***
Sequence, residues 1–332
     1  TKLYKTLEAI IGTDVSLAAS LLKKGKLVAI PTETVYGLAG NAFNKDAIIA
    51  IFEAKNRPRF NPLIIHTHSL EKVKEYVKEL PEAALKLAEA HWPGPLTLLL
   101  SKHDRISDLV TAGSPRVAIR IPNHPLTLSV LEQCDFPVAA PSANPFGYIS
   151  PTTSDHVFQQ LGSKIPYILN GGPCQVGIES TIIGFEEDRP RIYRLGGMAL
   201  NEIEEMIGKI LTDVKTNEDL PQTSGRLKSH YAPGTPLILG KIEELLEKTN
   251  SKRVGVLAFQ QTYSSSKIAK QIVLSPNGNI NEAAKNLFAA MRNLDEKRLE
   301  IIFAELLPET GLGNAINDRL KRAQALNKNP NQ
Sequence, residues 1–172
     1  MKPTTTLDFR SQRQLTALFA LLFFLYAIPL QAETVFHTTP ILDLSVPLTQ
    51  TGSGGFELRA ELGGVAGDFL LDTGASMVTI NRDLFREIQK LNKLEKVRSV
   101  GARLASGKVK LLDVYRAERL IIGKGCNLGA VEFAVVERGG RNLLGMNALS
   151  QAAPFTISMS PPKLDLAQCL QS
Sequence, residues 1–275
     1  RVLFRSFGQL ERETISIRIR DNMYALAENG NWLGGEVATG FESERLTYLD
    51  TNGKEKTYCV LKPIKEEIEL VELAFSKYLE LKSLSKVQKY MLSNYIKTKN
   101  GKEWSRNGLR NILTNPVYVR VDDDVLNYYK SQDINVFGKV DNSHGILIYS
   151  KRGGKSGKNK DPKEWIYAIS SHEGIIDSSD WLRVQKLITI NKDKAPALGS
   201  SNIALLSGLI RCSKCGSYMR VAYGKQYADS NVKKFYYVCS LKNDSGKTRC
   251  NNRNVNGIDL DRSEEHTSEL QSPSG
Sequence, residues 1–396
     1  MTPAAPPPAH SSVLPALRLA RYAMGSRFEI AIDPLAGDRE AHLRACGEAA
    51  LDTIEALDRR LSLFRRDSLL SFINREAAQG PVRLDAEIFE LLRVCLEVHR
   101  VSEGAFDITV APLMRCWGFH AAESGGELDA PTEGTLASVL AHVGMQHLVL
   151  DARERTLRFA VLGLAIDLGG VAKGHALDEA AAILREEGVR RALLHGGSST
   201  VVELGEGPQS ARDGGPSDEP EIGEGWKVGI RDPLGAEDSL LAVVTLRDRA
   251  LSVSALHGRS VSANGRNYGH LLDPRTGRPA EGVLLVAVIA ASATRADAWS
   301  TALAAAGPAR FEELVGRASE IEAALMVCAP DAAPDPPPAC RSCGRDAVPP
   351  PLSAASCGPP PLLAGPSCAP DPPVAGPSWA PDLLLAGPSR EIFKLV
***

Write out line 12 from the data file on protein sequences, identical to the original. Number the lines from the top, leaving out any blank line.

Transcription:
   101  GARLASGKVK LLDVYRAERL IIGKGCNLGA VEFAVVERGG RNLLGMNALS